In real terms forestry and logging activities have been on the decline since mid seventies. As of 1993-94, the size of the industry in terms of value of output was 103 billion.
Over the past three decades, the country has successfully transformed itself from a food deficit economy to one which is essentially self sufficient in availability of foodgrains and other essential commodities, albeit only at the prevailing level of effective demand. Annual aggregate foodgrains production (Table 2), which averaged about 82 million tonnes in 1960-61 increased to 123.7 and 172.5 million tonnes for the trienniums ending 1980-81 and 1990-91 respectively. Current (1998-99) production level is 195 million tonnes and the country has been able to accumulate substantial, (35 million tonnes) stocks of foodgrains to cope up with any sudden difficulties arising from drought or a similar situation in any part of the country.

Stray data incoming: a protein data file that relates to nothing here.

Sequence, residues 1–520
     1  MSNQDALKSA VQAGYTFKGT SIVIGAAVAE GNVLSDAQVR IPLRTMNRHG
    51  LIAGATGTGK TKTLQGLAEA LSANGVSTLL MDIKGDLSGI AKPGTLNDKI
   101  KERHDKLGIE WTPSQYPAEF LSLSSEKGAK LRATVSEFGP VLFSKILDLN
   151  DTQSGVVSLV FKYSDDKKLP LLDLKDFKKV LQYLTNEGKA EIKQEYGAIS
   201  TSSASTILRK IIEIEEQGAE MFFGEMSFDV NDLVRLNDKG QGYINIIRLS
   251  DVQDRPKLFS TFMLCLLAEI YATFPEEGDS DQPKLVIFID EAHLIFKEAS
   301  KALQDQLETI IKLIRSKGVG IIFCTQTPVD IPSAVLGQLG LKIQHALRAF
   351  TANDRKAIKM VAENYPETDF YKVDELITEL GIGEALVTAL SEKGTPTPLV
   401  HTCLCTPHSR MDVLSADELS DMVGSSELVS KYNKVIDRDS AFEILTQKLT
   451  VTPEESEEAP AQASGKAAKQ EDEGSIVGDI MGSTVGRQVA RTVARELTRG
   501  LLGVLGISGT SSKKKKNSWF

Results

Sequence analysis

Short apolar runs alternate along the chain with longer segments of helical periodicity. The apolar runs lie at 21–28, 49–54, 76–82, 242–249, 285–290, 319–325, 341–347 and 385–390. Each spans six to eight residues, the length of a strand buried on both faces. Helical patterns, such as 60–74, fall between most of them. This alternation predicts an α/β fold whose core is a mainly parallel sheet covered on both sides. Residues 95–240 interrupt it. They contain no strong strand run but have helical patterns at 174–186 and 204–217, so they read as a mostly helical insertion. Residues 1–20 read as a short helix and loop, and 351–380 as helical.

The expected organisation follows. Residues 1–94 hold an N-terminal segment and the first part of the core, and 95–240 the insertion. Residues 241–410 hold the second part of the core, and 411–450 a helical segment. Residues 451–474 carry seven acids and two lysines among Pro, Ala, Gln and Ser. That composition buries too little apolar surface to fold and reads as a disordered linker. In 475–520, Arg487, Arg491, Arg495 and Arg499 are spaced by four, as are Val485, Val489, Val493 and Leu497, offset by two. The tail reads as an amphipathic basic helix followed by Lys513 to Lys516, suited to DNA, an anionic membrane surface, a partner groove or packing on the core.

Increased outputs, have been achieved chiefly by adopting, since mid sixties, a strategy aimed at increasing foodgrains production by concentrating public sector efforts and resources in regions with a high potential for quick and substantial productivity gains through increased cropping intensity and average yields. These were the areas favoured by agroclimatic resource conditions and where irrigation facilities already existed or could be developed relatively rapidly. The main elements of this strategy were: (i) expansion of irrigation coverage, (ii) increased provision and utilization of key inputs – mainly high yielding varieties (HYVs) of crops, mainly of wheat and rice and chemical fertilizers and plant protection chemicals, (iii) expansion and improvement of institutional support services such as research and extension and (iv) price policies favourable to producers of major foodgrains.